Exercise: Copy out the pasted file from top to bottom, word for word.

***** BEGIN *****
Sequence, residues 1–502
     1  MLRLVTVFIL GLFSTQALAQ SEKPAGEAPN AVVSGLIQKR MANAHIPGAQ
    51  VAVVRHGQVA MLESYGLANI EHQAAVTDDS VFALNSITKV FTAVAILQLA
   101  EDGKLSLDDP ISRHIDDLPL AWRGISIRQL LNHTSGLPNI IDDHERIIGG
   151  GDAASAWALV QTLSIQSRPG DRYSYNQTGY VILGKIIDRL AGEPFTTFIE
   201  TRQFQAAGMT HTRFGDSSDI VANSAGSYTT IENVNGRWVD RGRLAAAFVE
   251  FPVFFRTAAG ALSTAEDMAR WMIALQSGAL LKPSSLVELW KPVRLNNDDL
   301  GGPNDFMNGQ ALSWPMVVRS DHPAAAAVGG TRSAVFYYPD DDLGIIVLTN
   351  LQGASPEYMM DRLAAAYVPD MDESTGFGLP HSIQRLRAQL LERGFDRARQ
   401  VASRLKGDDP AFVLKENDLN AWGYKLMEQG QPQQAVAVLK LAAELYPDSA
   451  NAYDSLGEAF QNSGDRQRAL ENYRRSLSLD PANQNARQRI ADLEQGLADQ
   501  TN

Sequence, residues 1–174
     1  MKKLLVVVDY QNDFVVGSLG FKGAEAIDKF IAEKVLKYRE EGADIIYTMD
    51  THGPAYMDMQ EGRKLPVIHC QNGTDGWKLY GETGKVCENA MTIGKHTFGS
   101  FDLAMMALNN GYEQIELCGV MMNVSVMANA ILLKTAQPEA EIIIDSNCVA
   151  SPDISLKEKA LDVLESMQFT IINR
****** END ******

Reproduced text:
Sequence, residues 1–502
     1  MLRLVTVFIL GLFSTQALAQ SEKPAGEAPN AVVSGLIQKR MANAHIPGAQ
    51  VAVVRHGQVA MLESYGLANI EHQAAVTDDS VFALNSITKV FTAVAILQLA
   101  EDGKLSLDDP ISRHIDDLPL AWRGISIRQL LNHTSGLPNI IDDHERIIGG
   151  GDAASAWALV QTLSIQSRPG DRYSYNQTGY VILGKIIDRL AGEPFTTFIE
   201  TRQFQAAGMT HTRFGDSSDI VANSAGSYTT IENVNGRWVD RGRLAAAFVE
   251  FPVFFRTAAG ALSTAEDMAR WMIALQSGAL LKPSSLVELW KPVRLNNDDL
   301  GGPNDFMNGQ ALSWPMVVRS DHPAAAAVGG TRSAVFYYPD DDLGIIVLTN
   351  LQGASPEYMM DRLAAAYVPD MDESTGFGLP HSIQRLRAQL LERGFDRARQ
   401  VASRLKGDDP AFVLKENDLN AWGYKLMEQG QPQQAVAVLK LAAELYPDSA
   451  NAYDSLGEAF QNSGDRQRAL ENYRRSLSLD PANQNARQRI ADLEQGLADQ
   501  TN

Sequence, residues 1–174
     1  MKKLLVVVDY QNDFVVGSLG FKGAEAIDKF IAEKVLKYRE EGADIIYTMD
    51  THGPAYMDMQ EGRKLPVIHC QNGTDGWKLY GETGKVCENA MTIGKHTFGS
   101  FDLAMMALNN GYEQIELCGV MMNVSVMANA ILLKTAQPEA EIIIDSNCVA
   151  SPDISLKEKA LDVLESMQFT IINR